A Blueprint for Growth

June 18, 2010 by Paul Wong and Heidrun Haug

In China sind die meisten Betriebe verstaatlicht. In Chongqing ist das ein Erfolgsmodell.

State-owned Enterprises are common practice in China.

How does the Chongqing model work?

Cui Zhiyuan: Initially, the city itself was an economic disaster. The region is surrounded by mountains, so ground transportation was almost impossible for decades. The Chongqing model explains how this city became China’s fastest growing city during last year’s financial crisis, despite its slow start in economic reform.

The key factor for this success, in my opinion, is a combination of good government policy and investment. This significantly increases overall business activity, which in turn attracts additional private sector investments. The Chongqing model shows that large investments by the local government through state-owned enterprises attracted increasing amounts of private sector investment – generating jobs and raising land values.

So, the local government attracts investment?

Cui Zhiyuan: Yes, but that’s not all. A major reason why this model is effective is the government’s ability to use state-owned enterprises to strategically invest in certain industries. Actually, this type of investment is seen as a China-specific method of controlling investment. However, other counties can also do this, especially developing countries that face the same kind of problems as Chongqing.

How do these investments support local growth and consumption?

Cui Zhiyuan: China’s economy has learned to follow these state-owned enterprises. Here’s a simple example: Because of China’s size and structures, one or two large-scale raw material producers – such as steel companies – can employ a workforce that is equivalent to the population of a midsize town in other countries. This kind of factory and its workers will need a large chain of services, including postal, telecommunications, media, and real estate. The majority of these services are also state owned.

The chain will continue until it encompasses small businesses, such as shops and entertainment. By this stage, a number of banks would have taken full advantage of this area, and a brand-new financial chain would have been established. Foreign investors would have also picked up the growth in the local region and invested once again. This further pushes up key economic figures, such as land prices. Over the years, China has reproduced this development miracle over and over again. The system is stable and has not failed yet.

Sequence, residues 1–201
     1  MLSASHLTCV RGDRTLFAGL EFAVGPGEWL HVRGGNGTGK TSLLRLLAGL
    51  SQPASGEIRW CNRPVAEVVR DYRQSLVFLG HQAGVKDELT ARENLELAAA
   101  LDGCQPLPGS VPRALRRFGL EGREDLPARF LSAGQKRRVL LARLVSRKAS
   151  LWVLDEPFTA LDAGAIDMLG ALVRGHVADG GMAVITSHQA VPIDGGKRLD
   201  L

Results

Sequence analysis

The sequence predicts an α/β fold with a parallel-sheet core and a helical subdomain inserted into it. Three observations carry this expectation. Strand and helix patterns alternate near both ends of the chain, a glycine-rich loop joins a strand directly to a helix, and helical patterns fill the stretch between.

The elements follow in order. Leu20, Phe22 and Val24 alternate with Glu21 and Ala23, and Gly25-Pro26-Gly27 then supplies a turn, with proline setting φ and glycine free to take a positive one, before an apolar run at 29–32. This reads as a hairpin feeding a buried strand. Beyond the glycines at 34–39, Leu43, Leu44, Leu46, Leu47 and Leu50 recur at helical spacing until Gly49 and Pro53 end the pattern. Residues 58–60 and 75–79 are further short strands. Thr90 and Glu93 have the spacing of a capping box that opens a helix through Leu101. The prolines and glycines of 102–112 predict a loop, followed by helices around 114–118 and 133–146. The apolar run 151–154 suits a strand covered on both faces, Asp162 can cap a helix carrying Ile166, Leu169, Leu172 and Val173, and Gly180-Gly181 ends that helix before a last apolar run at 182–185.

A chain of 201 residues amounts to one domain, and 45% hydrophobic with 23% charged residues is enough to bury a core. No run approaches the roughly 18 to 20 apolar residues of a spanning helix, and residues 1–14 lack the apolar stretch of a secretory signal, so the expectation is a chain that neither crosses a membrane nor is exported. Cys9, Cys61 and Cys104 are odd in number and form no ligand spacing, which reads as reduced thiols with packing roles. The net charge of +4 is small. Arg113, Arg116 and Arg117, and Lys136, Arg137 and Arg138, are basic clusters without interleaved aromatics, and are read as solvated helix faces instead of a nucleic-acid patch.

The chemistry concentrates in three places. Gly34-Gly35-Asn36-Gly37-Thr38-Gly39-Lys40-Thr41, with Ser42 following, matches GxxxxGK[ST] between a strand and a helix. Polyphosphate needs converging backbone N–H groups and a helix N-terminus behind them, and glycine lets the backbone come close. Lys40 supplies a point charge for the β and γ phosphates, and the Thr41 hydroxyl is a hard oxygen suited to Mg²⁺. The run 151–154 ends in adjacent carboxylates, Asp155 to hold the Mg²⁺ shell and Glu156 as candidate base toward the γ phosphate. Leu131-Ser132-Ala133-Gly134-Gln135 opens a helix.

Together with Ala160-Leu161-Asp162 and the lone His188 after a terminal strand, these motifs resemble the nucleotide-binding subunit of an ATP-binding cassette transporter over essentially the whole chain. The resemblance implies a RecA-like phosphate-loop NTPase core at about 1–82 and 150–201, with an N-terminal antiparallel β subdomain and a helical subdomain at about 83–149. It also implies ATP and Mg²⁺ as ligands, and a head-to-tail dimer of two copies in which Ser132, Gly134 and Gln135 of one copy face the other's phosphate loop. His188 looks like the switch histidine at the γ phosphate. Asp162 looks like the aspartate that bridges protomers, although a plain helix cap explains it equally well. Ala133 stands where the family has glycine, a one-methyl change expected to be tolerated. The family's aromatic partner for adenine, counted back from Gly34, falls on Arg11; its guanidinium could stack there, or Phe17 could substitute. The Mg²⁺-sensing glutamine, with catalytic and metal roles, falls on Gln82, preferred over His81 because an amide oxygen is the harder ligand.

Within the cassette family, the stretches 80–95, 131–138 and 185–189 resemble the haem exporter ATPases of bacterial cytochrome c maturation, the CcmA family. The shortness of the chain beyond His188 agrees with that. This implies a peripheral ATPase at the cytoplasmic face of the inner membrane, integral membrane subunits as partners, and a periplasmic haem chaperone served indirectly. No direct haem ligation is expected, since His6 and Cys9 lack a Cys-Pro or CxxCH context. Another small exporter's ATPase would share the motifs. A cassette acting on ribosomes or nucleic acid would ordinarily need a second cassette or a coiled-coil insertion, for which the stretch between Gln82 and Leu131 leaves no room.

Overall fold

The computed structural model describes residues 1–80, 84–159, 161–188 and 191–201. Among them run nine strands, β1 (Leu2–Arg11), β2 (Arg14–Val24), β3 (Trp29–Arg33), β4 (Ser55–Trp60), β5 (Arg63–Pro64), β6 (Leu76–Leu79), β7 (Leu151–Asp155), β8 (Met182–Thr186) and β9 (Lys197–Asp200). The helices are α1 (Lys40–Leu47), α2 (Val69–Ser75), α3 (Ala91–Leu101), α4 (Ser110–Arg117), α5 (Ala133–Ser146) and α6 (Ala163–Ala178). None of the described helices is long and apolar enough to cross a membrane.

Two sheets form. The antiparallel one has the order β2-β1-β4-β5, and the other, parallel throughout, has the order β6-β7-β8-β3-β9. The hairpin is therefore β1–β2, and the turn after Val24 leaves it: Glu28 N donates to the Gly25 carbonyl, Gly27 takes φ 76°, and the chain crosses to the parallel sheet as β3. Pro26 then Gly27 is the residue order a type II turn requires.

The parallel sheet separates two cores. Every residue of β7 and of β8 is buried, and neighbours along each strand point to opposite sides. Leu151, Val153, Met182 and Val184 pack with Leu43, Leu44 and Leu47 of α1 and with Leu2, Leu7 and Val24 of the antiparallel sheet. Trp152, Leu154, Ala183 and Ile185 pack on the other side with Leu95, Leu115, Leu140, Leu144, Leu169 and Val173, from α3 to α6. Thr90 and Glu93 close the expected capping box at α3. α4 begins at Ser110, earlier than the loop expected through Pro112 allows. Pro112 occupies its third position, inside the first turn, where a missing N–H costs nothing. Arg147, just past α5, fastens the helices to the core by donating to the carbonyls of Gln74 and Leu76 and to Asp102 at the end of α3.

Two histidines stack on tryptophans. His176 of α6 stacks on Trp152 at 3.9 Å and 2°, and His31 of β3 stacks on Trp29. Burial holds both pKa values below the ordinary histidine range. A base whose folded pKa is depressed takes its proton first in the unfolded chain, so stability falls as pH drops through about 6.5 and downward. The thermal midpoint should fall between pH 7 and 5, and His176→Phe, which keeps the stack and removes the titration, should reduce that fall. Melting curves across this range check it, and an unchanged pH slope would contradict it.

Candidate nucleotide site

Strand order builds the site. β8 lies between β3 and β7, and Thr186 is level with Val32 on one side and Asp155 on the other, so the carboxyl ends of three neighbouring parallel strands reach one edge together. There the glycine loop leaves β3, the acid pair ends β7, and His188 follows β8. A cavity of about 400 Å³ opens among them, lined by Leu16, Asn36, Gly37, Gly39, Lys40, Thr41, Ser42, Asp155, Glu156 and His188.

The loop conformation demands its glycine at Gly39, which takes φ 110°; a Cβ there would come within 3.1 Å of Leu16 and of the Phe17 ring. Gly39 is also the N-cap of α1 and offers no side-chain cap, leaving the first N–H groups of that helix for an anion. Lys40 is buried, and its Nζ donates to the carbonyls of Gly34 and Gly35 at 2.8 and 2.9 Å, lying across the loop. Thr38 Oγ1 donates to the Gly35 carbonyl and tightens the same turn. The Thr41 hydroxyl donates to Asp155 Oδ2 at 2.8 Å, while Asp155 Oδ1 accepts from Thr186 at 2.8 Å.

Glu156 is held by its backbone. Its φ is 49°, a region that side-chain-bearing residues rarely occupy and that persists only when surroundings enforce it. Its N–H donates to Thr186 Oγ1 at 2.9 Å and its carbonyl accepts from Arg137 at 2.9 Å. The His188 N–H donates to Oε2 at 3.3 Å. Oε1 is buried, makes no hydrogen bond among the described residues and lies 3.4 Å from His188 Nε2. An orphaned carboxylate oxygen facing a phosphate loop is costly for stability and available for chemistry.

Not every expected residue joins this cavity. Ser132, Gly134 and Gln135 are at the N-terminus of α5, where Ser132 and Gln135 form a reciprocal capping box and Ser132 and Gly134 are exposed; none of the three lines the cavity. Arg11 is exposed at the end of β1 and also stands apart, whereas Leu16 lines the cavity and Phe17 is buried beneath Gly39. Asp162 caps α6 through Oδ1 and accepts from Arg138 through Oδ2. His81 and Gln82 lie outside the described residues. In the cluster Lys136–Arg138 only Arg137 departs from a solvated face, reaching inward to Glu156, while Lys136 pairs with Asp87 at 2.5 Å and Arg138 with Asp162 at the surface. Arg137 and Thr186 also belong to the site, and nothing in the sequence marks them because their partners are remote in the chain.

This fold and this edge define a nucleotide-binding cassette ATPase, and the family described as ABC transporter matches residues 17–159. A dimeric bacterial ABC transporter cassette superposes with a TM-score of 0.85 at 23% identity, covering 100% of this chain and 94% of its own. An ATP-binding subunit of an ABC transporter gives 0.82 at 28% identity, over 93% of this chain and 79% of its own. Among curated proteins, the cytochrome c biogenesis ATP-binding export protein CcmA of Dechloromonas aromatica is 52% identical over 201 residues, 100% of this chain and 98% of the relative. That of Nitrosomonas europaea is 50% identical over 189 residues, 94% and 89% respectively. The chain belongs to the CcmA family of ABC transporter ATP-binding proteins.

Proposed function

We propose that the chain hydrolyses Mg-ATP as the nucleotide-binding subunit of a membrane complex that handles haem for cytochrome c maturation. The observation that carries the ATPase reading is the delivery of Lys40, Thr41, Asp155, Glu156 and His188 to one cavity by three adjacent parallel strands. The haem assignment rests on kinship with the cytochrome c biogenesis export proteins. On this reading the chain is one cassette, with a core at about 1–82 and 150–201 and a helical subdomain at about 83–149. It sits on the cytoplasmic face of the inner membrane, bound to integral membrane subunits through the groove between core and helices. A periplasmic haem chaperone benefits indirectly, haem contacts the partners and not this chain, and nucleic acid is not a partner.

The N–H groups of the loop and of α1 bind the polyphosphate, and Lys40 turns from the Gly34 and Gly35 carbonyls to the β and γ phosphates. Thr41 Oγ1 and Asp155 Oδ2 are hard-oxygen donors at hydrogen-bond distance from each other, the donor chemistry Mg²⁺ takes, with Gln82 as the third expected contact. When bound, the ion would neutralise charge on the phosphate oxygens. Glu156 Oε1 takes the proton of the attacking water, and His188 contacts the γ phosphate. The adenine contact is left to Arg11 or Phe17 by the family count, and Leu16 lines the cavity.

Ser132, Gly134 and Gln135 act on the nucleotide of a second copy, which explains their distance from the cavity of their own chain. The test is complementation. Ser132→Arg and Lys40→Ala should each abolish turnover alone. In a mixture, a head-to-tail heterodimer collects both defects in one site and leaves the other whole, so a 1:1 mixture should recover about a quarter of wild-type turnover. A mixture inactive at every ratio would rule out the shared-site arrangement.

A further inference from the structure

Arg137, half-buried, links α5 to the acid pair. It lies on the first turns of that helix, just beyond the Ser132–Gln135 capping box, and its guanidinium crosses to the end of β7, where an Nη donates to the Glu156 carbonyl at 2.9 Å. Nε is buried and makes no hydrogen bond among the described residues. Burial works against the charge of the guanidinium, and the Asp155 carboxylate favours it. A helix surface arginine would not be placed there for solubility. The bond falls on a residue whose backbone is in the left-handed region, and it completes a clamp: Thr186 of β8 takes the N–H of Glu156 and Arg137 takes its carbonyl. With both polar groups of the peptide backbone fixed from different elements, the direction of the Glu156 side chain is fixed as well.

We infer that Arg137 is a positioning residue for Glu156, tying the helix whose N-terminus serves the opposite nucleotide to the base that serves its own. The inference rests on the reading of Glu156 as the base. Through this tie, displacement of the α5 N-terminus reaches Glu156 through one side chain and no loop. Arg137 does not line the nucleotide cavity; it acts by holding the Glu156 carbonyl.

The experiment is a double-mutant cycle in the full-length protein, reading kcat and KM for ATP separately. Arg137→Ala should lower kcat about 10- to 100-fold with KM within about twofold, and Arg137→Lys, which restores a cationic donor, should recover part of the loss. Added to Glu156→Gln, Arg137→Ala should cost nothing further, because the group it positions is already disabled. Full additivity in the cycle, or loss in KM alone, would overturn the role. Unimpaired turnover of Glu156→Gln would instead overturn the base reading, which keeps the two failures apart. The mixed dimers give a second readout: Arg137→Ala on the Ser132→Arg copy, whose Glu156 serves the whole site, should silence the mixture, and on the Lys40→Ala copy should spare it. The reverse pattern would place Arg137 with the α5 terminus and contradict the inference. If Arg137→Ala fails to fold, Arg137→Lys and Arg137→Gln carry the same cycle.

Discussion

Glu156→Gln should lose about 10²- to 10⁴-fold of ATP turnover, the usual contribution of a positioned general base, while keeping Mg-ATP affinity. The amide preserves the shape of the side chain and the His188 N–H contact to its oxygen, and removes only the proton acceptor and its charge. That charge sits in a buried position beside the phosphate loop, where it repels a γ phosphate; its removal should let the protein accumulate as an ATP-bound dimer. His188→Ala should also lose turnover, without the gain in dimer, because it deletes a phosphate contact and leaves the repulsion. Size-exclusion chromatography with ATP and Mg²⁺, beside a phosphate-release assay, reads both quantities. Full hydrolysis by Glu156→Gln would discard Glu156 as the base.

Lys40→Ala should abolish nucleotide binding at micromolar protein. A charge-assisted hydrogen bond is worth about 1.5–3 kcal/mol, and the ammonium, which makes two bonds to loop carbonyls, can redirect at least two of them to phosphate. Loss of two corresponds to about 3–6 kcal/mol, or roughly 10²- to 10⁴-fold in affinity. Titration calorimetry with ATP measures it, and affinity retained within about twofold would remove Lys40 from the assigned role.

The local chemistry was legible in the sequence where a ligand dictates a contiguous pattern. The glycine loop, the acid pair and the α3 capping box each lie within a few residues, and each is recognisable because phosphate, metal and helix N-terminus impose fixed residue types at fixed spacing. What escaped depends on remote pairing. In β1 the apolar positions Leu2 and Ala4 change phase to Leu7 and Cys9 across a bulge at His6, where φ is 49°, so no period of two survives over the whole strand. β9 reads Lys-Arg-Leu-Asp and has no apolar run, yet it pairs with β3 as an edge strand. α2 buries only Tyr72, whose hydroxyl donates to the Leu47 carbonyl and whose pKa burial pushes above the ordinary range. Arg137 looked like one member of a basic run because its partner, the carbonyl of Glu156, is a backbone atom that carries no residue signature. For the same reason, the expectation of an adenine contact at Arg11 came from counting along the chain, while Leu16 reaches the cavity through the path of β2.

What role do technology and IT play in Chongqing’s rise?

Cui Zhiyuan: This is where geographical disadvantages in Chongqing can be disregarded. Today, when we talk about the manufacturing of complex technology, we are no longer talking about microwaves and washing machines. We are talking about a race to produce sophisticated parts of a larger product, such as a certain drive or chip for the latest laptop model or mobile phone. There comes a point where these parts or technologies are too precious to be transported by road or rail, and aviation comes into the picture.

 

 

 

So Chongqing’s location can almost be disregarded?

Cui Zhiyuan: In the past, we talked about horizontal manufacturing, where countries or regions would compete for the right to manufacture an entire product. But in today’s competitive market, it is more about vertical integration. Each individual part is produced at the most effective locations and transported to another location for completion. Chongqing also encourages its businesses to focus development on products for local markets as well as on Internet-based products, including software and telecommunications.

Could you give an example?

Cui Zhiyuan: Let’s take Hewlett-Packard. It moved a large section of its Asia-Pacific headquarters from more developed cities such as Singapore and Hong Kong to Chongqing. But prior to moving, it had smaller test locations to assess the labor force and the effectiveness of conducting business in these local areas.

HP started with simple operations, such as call centers, which could be monitored easily. Then it moved its advanced operations to Chongqing. Start-up companies with their innovative ideas are also important. Chongqing has opened up an IT Science Park where young companies can grow.

How can the Chongqing model act as a blueprint for other regions in China?

Cui Zhiyuan: China only has a few cities on the eastern coast that can be considered developed in an economic sense. Chongqing still is in a developmental phase. The Chongqing model is significant because it focuses on how fast this region was able to develop without relying heavily on exports and foreign investments in the way Shanghai and Guangzhou do. There are a number of regions in China that are growing slowly and have the potential to implement a similar model.

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